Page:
Zach Martin worked hard on the football field. He was a 300-pound, 6-foot-4 offensive lineman at Riverdale High School in Fort Myers who protected his quarterback at all cost.
In 2017, Martin collapsed during a routine high school football practice. Martin was rushed to the hospital and died 11 days later.
His mother, Laurie Giordano, has been actively lobbying Florida lawmakers to approve a bill that would require high schools to act quick when students show signs of heat stroke or other heat-related stresses.
Senate Bill 2020, also known as the Zach Martin Act, was passed by the Senate earlier this month and a similar bill cleared the House in February. If signed by Gov. Ron DeSantis, public schools in Florida would be required to have immediate access to emergency cooling tubs and other life-saving equipment to save student-athletes from deadly heat strokes.
Tyeise Canidate said, “The heat is nothing to play with, literally. It’s nothing I think our athletes should be forced to practice in either. It would absolutely break my heart if my brother ever suffered from a heat-related injury, something that could be prevented. Some days I worry about him when I pick him up after practices because he is too tired to even talk.”
According to state officials, in the 2017-18 academic year, more that 460 student-athletes were treated for exertion heat strokes.
According to the National Center for Catastrophic Sports Injury Research, between 1998 and 2019, 47 high school football players nationwide died from heatstroke or related complications.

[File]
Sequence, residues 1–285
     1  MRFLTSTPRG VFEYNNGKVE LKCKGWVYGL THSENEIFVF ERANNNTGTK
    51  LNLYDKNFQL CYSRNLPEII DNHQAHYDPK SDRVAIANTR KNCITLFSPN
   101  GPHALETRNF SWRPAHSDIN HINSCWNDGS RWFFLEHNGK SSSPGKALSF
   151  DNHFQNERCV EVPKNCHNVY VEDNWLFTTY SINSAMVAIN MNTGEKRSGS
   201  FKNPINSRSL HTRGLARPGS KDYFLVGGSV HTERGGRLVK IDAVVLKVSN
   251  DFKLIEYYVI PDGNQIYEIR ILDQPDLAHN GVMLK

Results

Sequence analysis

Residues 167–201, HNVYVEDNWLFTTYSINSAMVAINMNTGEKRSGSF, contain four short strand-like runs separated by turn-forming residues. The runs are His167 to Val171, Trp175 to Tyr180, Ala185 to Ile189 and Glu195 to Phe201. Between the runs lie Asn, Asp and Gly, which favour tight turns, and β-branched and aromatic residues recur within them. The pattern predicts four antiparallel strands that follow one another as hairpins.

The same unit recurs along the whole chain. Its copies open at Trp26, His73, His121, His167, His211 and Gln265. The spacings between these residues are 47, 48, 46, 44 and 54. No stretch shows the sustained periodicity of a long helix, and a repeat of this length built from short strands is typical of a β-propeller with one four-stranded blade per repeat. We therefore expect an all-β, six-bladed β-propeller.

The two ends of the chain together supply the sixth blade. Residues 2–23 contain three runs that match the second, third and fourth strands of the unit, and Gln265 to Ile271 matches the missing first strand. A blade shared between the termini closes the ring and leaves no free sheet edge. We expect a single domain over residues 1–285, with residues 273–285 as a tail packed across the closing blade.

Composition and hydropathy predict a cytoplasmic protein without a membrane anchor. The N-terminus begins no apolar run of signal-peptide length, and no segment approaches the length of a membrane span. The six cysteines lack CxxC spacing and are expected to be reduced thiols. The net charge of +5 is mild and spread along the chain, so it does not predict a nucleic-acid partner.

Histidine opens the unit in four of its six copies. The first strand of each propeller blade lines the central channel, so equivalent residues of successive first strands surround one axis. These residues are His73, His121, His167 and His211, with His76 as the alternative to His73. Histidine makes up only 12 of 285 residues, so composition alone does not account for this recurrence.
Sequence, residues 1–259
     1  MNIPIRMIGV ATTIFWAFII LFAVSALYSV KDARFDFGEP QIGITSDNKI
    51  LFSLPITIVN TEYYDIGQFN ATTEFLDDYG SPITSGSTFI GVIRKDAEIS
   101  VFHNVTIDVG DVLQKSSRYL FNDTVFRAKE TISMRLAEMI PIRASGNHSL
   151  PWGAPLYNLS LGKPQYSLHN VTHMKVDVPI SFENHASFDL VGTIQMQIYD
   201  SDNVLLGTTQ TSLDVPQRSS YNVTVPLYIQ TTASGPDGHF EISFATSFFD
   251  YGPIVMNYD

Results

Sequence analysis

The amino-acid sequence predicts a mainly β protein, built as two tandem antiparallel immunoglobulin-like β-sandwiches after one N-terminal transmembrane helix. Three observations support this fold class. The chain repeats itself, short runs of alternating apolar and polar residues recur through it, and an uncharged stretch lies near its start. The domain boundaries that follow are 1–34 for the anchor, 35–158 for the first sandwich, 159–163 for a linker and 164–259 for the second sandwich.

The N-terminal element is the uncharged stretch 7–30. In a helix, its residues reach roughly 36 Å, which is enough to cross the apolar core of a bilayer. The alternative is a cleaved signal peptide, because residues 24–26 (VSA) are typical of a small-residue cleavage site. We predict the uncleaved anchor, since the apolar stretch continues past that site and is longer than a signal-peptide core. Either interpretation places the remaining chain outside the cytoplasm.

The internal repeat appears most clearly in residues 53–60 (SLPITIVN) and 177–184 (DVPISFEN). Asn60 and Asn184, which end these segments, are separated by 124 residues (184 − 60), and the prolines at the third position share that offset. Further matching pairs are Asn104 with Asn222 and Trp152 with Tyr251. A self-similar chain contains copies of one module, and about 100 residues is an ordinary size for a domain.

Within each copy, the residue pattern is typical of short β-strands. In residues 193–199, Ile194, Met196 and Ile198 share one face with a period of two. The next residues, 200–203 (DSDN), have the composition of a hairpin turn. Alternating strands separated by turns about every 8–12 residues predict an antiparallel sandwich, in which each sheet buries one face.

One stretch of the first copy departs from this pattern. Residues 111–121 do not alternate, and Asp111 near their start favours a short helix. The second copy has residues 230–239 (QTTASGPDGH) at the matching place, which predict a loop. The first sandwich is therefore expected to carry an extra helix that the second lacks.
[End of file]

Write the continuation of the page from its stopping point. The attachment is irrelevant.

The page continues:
At minimum, the legislation would require schools to have containers, such as tubs and inflatable pools, that can be filled with cool water to submerge and cool down an overheating student. All FHSAA member schools will also be required to take heat illness training.
“I played football for four years in high school. To know that they are wanting to place equipment near the flied for players in the strenuous heat means a lot to me. Playing and practicing in the heat is dangerous,” said Timothy Ashley.
After her son’s death, Giordano founded the Zach Martin Memorial Foundation, which has worked to raise awareness about the dangers of heat-related stresses. They have also donated 40 cooling tubs to schools across Florida.
“To know that someone really cares about athlete’s health, it makes me feel good inside. It makes me unafraid to play the game I love,” said Kalon Richardson, a senior football player at Florida High.